# Why does BER in PAM4 system abnormally stay high?

When I use two level NRZ to modulate microring, the BER is 0 when I turn off all the noise. However, when I use four level NRZ to modulate, the BER is high even when all the noise is closed. The EYE diagram seems to be clearly distinguishable. The BER mode is Gaussian. PAM4_BER_measure.icp (541.6 KB)

I wonder if there is any bug in the BER measurement. I change the parameter and get two eye diagram. One is clear but with high BER, another is totally a mass but with a low BER.

BER of this one reaches 10^-7. while has BER of 10^-3…

Hi @james_zhan,

You don’t need to come up with a script yourself, the element ‘Eye Diagram’ can be used to calculate for error rates. Make sure you set the ‘calculate measurements’ to be ‘true’ and the measurements will then be calculated and shown in the ‘Result View’ window after run simulation.

There are some simulation tips for communication systems and especially the ‘Eye Diagram’ measurements in the page Simulation Methodology & Tips, hopefully it could help

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Thx a lot.

I found that the BER does not decrease with the power increases. After analysis, I think it may have something to do with signal noise rate, but cannot find SNR in measurement in Eye Diagram. Do I need to calculate?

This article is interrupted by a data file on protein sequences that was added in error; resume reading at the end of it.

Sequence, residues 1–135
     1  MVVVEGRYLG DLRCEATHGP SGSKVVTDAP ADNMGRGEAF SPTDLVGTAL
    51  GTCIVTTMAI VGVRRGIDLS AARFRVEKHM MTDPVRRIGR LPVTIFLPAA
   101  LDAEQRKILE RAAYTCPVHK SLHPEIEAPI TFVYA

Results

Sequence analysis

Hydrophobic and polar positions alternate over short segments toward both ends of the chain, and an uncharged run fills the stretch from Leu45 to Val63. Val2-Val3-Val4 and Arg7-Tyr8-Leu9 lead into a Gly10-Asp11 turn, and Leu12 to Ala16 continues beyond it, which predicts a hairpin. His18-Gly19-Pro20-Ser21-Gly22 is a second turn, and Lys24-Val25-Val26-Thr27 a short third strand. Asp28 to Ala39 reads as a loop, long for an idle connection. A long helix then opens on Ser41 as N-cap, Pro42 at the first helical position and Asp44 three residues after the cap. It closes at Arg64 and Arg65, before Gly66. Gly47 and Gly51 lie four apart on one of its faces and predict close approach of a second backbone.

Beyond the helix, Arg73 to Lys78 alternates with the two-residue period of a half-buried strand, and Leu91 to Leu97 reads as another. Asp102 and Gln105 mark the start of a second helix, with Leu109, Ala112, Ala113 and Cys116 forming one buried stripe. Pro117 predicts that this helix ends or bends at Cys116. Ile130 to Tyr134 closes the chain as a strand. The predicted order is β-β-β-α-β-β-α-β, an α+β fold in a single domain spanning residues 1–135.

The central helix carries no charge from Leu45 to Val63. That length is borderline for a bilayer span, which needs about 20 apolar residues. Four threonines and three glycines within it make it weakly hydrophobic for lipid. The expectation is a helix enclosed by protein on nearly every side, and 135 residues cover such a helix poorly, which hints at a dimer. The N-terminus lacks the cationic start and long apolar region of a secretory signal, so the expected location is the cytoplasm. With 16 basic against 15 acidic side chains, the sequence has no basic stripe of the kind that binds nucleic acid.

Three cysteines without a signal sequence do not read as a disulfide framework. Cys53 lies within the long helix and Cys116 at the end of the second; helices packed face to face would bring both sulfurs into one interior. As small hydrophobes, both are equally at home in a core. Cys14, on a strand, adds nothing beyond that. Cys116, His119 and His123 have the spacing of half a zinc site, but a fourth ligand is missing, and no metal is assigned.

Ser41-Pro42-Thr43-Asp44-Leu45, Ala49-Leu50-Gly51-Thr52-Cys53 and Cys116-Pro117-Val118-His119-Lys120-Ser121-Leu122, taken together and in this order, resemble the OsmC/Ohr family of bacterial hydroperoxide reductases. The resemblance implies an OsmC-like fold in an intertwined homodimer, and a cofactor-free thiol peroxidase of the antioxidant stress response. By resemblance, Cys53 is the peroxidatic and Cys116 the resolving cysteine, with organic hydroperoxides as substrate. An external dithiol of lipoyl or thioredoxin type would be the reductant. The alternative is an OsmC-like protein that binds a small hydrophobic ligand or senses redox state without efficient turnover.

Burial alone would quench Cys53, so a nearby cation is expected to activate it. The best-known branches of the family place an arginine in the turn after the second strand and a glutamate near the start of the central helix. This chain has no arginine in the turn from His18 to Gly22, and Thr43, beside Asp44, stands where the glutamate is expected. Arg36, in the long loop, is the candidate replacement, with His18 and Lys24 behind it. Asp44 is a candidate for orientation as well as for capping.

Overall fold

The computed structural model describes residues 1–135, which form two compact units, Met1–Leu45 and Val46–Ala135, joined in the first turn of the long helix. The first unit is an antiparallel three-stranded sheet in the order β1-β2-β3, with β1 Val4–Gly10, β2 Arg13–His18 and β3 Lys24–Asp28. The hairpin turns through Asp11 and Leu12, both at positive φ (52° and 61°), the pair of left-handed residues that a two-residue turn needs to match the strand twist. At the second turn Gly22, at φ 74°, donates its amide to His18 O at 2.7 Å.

This is the simple system:

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Hi @james_zhan,

The figure is not displayed properly. But you are right that the ‘Eye Diagram’ element doesn’t measure nor set the system’s noise rate. If you always get zero BER regardless of the input power (which is the case for some of the low noise simple systems), you could look at the Q-factor as a system performance measurement. To increase the system’s noise level in order to get some error bits, you could make some of the elements ‘non-ideal’. For example, you could increase the RIN and the line width of the Laser source, increase the noise figure of the amplifiers if you have any in your system and you could increase the shot and thermal noises in your photo-detector. By adding some noises in your system, you should be able to see some error bits.

Another thing to mention here, the BER measurement could only be considered as accurate when you provide enough number of bits in your system. It is a statistic measurement and you have to at least provide 1e+9 bits to get a BER of 1e-9.

I hope this could help Please attach your file if you want me to have a look at it

I have set some noise into the system, But I do not know how to provide 1e+9 bits. Also, the BER oscillates instead of decreasing with the increasing of power. Here is my file, can you have a look at it?
PAM-4.icp (556.6 KB)

Hi @james_zhan,